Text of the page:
Roger seems to be hugely driven with an endless work ethic. Is this another topic for the film?
One of the character traits I greatly admire in Roger, is his relentless work ethic and I also see that in his long time collaborator, actress Olwen Fouere as well. Both of them are totally dedicated to their art, and work non-stop, always pushing the envelopes in their respective fields. I think it’s this steely determination to constantly create and to experiment and innovate, that has led to Roger achieving, what filmmaker Joe Comerford called “the level of mastery” in his music. Roger was presented with the Saoi award by president Michael D Higgins back in August. It is the highest award in Ireland for artists, with previous holders such as poet Seamus Heaney and writer Edna O’Brien. Roger is of that level in his field, even if he is not as well known as those other recipients of that award.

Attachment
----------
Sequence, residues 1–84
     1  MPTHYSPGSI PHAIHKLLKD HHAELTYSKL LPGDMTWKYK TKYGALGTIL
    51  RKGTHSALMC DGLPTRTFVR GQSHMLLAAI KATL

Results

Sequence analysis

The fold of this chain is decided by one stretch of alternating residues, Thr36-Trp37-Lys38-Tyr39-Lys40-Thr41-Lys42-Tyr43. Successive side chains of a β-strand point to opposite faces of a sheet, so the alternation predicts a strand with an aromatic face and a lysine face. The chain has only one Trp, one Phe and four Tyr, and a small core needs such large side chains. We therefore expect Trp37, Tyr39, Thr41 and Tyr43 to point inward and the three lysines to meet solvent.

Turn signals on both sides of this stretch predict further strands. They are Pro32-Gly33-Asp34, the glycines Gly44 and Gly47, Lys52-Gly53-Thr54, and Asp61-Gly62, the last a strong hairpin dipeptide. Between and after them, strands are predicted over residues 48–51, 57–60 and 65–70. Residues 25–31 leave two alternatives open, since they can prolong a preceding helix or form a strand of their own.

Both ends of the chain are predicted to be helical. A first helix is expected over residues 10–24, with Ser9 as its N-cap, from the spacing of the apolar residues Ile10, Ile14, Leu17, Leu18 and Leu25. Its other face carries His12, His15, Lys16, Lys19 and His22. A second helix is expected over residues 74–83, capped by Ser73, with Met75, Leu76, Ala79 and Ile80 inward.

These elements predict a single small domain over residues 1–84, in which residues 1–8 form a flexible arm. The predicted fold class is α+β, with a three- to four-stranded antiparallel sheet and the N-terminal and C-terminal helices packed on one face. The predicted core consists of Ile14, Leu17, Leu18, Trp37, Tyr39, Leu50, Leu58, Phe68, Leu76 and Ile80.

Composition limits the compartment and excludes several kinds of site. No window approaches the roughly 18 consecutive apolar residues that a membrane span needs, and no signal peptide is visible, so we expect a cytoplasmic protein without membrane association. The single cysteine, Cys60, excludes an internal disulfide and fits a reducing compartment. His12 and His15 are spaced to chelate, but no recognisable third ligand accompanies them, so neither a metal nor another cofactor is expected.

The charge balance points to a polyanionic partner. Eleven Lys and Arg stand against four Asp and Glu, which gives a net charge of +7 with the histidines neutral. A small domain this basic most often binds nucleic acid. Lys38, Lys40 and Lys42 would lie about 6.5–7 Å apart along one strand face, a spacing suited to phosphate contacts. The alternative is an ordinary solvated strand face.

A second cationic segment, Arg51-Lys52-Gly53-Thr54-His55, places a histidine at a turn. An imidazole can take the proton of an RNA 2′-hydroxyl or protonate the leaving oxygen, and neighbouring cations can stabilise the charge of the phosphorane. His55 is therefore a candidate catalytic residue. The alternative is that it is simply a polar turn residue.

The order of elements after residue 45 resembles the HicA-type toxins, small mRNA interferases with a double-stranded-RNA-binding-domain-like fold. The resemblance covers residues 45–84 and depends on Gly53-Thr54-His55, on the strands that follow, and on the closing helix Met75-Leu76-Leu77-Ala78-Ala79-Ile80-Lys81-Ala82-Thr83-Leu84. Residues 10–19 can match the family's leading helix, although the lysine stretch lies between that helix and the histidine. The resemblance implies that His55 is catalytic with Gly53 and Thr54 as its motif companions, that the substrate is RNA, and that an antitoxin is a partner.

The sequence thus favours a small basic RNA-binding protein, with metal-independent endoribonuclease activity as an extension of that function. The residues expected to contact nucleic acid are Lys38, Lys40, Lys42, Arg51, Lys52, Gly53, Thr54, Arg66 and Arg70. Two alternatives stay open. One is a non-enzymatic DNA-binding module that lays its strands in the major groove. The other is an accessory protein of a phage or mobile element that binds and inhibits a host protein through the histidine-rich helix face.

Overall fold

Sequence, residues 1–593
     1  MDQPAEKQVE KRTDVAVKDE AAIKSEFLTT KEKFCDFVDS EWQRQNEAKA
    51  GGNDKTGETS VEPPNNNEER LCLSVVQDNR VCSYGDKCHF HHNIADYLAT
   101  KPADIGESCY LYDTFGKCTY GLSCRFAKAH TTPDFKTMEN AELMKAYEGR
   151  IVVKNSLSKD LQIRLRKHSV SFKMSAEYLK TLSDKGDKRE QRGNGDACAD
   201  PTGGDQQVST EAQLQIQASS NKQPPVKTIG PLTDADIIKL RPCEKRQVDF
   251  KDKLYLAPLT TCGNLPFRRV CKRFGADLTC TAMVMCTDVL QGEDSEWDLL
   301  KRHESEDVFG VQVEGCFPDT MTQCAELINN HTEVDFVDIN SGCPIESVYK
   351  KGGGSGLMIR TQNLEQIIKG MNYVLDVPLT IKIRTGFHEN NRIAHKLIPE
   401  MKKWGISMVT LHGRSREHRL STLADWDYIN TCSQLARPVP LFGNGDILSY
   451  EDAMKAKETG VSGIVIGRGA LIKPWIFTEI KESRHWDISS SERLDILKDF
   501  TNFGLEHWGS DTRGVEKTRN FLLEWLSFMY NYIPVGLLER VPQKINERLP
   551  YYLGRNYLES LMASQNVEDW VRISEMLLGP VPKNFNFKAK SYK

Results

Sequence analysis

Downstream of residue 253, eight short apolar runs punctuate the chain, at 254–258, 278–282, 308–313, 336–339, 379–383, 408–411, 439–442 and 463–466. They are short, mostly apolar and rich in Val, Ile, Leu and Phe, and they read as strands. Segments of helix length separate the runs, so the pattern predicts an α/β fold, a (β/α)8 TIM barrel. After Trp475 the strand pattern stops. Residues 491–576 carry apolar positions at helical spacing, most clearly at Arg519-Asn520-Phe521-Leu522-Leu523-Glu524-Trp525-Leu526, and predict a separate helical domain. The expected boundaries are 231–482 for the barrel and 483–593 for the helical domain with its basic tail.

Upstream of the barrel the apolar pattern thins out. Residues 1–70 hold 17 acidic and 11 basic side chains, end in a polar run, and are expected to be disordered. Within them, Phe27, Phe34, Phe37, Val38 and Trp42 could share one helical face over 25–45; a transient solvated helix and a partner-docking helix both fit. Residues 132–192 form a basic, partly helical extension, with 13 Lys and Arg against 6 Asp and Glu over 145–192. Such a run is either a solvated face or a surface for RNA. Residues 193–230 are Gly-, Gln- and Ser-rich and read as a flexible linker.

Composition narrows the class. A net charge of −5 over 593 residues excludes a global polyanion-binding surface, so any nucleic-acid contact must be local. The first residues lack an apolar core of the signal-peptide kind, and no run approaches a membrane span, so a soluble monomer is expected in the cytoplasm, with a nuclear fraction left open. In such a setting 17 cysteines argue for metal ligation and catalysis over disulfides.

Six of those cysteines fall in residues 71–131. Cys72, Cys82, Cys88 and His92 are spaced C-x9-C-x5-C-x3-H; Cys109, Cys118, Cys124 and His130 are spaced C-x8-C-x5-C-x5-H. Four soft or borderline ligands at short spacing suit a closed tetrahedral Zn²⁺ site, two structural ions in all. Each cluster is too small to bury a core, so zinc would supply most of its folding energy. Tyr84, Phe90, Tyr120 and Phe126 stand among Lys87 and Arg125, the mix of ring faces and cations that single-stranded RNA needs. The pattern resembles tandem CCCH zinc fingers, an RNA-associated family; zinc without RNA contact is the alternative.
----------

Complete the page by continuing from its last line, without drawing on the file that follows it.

Are there any other projects similar to this bubbling away on your back-burner? What have you planned to work on next?
I am planning on doing two more feature documentaries, made almost back to back. I spent over 10 years on the Roger Doyle documentary so am hoping those two will be made a bit faster. I have already began filming one of them. Both are about artists again. One film has hardly any budget and is a small film about an exciting young British artist that constantly intrigues me. The other documentary is much bigger, it already has some decent funding and is about someone quite famous. That one could be my most mainstream film to date. I also have quite a few of my screenplays hanging around my office, just waiting to be made into films. To make all that happen, I really do have to attain that same work ethnic as Roger Doyle.